How can I locate my septic tank? I know there's a dye out there. Does anyone know it's effectiveness?
Becky from Kansas City, KS
What I did was buy a steel rod 1/4 inch by 3 feet from a hardware store or a big box store. Locate from in the cellar where the waste pipe goes outside. Then from outside where the waste comes out of the cellar tap the rod with a hammer until it hits the waste pipe. Then move the rod a foot or two and do it again. Now you know how deep the pipe is. Do a few more feet then then try tapping the rod a foot or so away from the pipe on either side. Eventually you will locate the septic tank. Labor intensive but maybe someone has a better idea.
Call your township office and ask them. There is a good chance that when the septic tank was put in, a permit was issued that will state where the tank is located.
If you know who emptied the tank in the past, you can call them, and they may have notes as to where your tank is, as well.
If you use the re-rod trick; be careful! If there is deterioration to your pipes or tank (if they're old), you could punch through if you are not careful.
My husband said the dye works, but it shows where your leech lines are, and in turn you septic tank. I would borrow a metal detector and hope your septic is made of concrete(and rebar), or has some metal in it. We couldn't find ours and paid $40.00 to have them find it. It was 2 feet from where we were digging. I would imagine the dye would only give you a ballpark of where the tank is anyways. Good luck to you and happy hunting.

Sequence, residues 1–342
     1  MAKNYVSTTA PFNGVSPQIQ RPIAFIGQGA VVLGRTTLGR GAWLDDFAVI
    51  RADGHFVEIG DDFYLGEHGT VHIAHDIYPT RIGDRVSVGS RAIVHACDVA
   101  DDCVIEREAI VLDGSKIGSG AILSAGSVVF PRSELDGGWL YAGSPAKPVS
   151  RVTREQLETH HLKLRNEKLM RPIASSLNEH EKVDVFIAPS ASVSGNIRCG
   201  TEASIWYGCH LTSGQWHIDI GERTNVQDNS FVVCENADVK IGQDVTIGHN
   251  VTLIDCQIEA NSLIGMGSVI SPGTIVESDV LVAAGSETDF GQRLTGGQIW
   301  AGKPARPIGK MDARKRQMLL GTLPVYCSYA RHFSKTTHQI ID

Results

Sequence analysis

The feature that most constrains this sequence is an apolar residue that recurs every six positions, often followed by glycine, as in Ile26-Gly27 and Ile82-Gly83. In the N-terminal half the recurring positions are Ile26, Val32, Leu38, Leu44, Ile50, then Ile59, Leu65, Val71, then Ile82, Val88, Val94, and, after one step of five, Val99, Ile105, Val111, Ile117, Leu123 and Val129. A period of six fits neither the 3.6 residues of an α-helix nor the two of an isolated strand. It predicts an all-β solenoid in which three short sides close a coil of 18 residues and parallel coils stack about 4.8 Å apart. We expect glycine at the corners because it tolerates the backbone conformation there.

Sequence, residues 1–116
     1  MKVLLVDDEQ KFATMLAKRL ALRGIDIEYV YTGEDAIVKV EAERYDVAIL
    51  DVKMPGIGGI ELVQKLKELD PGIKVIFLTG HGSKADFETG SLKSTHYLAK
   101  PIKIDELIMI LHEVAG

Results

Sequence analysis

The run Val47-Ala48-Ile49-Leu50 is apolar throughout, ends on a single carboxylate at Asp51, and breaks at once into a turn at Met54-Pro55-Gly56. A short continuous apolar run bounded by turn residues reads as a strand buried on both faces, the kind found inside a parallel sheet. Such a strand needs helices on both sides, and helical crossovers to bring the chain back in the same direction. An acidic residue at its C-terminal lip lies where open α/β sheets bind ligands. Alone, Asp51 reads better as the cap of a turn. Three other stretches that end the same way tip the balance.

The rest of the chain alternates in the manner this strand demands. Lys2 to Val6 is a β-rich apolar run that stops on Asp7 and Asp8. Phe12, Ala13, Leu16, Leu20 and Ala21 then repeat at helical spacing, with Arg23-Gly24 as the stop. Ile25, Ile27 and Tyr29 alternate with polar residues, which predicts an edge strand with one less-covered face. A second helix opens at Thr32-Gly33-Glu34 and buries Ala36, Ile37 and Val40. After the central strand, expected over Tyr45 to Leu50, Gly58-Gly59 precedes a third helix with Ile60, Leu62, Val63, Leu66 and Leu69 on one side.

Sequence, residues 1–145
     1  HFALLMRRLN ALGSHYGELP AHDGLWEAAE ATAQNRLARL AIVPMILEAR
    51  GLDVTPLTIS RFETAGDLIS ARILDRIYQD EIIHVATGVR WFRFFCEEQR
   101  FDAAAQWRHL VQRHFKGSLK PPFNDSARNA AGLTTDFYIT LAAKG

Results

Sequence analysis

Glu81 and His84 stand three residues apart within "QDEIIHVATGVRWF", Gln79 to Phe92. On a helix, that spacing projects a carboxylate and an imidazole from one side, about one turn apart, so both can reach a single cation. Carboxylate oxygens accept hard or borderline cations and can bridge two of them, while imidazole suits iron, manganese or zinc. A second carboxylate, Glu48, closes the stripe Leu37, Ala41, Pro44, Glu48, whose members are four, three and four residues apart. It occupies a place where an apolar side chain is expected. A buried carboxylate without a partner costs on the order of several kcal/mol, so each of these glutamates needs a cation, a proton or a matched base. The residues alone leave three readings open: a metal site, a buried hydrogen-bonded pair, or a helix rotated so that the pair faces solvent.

In order to provide for easy location and to facilitate regular maintenance, the general contractor should provide the homeowner with a plot plan indicating the location of the septic system. If you cannot locate the system from your own records, you may obtain these records from the appropriate County Health, local city or county Building and safety Departments. If the system is a very old system, there may be nothing of record.Good luck.
I think that you have snow in Kansas. When the snow is on the ground the only place that has no buildup of snow is where the septic tank is.
My husband pumps out septic tanks in FL. He looks for the greenest grass. Works like a charm.
I should have added to my story using the steel rod to locate my septic tank was the tank was only 15 feet from the house and down a depth of 15 inches. I made a drawing with measurements so I know exactly where it is for the future.
Our house is 105 years old which only adds to the utter enjoyment of trying to locate this thing. The records that do exist aren't accurate and the seller "couldn't remember who his mother used to empty the tank." But remembered it was done only the year prior. I'm beginning to question the truth behind that statement, but thanks for the hints, they're all worth a shot.
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